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Failing 256MB Stick of 3200LLPT


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- I've been running the system below for about a year with very few problems. Recently the system started rebooting spontaneously and after receiving a Microsoft Error Report that indicated the memory might be causing the crashes I started testing the RAM using Microsoft Memory Diagnostic and MemTest86. Both utilities immediately produced errors. I removed one of the two 256MB sticks in the system and errors were still found by both utilities. Errors were reproduced with this stick when installed in any of the three DIMM slots. I then replaced the removed stick and removed the one that continued to produce errors. I was unable to produce errors on that single stick regardless of the DIMM slot it was installed in and the machine has been running without crashes for about two weeks now (but only one stick of RAM installed). I then continued testing on the failing stick and even after using less aggressive timings (all delays increased) it still produced errors. This leads me to believe that the stick causing errors and crashes has become defective and I would like to have it replaced. Thank you for your time.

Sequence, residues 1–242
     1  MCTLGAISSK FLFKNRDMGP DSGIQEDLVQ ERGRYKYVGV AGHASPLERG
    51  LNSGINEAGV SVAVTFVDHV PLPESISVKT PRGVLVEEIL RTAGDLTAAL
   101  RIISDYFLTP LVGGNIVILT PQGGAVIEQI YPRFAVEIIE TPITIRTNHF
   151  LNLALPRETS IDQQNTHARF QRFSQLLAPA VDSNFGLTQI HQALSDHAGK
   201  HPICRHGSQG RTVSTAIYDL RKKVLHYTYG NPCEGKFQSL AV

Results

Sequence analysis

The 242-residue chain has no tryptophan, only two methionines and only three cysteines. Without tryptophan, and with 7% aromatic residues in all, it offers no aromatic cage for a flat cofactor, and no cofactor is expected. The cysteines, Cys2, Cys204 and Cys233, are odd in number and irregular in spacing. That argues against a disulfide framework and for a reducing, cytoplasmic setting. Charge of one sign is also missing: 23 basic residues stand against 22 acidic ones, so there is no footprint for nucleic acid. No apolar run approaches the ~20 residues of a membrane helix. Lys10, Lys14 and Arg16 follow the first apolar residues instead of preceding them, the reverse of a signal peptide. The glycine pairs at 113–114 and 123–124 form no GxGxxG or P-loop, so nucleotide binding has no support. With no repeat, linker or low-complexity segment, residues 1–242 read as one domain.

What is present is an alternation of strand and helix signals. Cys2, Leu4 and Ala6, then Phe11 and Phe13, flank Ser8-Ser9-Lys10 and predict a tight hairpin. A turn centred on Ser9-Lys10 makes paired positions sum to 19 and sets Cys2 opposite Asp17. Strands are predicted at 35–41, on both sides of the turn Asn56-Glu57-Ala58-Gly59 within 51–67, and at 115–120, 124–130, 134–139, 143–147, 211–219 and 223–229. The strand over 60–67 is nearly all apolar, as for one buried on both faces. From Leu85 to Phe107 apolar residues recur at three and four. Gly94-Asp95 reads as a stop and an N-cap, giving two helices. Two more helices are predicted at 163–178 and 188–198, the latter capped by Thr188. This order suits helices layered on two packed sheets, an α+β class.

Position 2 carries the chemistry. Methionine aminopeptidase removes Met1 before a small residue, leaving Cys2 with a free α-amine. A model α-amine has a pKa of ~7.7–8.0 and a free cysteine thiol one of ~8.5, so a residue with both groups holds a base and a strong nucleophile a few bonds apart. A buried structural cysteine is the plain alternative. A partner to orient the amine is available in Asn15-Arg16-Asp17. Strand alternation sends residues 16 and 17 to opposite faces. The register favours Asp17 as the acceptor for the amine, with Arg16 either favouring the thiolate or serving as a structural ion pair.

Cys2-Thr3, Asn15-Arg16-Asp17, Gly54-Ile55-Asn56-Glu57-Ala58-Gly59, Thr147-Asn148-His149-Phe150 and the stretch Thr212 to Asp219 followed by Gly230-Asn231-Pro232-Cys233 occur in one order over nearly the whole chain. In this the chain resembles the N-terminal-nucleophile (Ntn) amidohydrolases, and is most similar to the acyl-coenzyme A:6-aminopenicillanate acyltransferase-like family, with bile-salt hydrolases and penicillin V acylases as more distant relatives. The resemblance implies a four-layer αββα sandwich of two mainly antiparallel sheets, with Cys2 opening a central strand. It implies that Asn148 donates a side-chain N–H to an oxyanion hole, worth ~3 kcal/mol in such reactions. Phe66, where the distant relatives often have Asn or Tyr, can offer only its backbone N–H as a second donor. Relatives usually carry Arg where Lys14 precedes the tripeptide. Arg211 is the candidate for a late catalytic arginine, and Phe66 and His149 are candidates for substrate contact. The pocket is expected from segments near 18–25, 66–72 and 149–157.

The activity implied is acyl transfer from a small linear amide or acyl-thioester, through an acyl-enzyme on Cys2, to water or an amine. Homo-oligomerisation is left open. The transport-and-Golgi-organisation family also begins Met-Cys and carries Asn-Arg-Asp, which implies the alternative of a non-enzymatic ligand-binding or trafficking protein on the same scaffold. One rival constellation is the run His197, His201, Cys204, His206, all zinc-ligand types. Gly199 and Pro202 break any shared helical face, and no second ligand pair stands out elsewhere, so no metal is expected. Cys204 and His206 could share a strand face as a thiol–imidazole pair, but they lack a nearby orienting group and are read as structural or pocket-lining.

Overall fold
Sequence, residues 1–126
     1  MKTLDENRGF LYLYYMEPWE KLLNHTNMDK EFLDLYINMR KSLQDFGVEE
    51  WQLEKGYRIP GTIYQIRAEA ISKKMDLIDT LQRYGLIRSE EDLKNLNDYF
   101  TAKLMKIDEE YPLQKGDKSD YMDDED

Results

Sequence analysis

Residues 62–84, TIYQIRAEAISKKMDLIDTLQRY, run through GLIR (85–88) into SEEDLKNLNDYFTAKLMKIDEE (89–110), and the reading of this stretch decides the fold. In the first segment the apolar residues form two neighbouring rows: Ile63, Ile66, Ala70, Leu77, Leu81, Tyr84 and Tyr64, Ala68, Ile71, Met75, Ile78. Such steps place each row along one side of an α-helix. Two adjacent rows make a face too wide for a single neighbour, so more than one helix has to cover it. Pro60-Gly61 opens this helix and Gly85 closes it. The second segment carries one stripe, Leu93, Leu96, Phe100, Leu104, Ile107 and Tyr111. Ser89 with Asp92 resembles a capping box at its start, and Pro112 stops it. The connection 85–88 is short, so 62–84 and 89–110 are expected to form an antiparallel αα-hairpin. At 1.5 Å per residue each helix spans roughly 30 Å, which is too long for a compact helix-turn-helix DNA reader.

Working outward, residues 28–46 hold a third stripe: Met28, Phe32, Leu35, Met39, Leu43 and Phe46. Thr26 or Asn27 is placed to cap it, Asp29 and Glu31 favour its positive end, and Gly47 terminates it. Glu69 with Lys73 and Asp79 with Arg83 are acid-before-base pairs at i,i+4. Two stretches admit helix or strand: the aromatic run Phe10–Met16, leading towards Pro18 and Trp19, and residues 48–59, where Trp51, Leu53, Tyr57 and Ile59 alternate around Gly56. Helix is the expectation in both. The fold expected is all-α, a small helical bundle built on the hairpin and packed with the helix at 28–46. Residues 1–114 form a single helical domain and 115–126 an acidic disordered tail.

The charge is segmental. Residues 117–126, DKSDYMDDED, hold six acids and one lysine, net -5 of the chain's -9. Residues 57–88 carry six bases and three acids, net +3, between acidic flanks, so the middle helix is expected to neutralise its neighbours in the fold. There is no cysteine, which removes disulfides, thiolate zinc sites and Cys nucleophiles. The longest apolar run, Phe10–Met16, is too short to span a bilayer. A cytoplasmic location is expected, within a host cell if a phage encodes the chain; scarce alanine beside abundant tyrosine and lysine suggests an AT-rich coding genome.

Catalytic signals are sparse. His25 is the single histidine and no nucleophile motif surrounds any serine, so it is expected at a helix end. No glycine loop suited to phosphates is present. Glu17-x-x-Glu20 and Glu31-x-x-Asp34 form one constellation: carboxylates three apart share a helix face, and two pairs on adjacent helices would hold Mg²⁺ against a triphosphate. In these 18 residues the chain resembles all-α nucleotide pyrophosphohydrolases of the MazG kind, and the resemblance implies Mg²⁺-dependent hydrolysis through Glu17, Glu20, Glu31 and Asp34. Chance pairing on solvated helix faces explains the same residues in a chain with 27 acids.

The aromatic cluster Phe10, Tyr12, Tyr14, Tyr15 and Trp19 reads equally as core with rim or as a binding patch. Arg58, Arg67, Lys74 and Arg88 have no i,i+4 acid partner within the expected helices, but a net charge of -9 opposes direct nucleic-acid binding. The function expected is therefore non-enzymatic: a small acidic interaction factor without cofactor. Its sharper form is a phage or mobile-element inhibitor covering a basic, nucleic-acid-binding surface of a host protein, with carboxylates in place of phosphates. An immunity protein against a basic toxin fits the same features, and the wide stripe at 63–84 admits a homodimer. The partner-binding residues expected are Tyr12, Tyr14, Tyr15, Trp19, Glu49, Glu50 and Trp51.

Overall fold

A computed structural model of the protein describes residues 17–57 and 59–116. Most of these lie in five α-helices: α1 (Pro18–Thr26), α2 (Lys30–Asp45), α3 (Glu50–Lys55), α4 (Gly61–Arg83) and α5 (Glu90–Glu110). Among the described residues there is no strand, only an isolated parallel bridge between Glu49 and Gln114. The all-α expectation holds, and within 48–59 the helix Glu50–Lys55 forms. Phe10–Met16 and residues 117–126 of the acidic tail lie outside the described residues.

Andrew Bell


System Specs -

Athlon XP 2500+ Barton @ 1.65 V on a 166 MHz FSB

Asus A7N8X Mainboard

Two 256MB Modules of 3200LLPT (installed in dual channel configuration)

DIMM Voltage: 2.6 V

Memory Frequency: 100%

Memory Timing: Optimal

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  • Corsair Employees

Please make sure that you have the latest BIOS for your MB and load Setup/optimized default settings, and try the following BIOS settings;

TwinX1024 or TwinX512-3200LL

CPU Freq: 166 MHz (333 FSB)

System Performance: User Define

Memory Frequency: 100%

Resulting Frequency: 166 MHz (333 FSB)

Memory Timing: User Define

SDRAM CAS Latency: 2T

SDRAM RAS to CAS Delay (tRCD): 3T

SDRAM Row Precharge (tRP): 2T

SDRAM Active to Precharge Delay (tRAS): 6T

DDR Reference Voltage: 2.7 Volts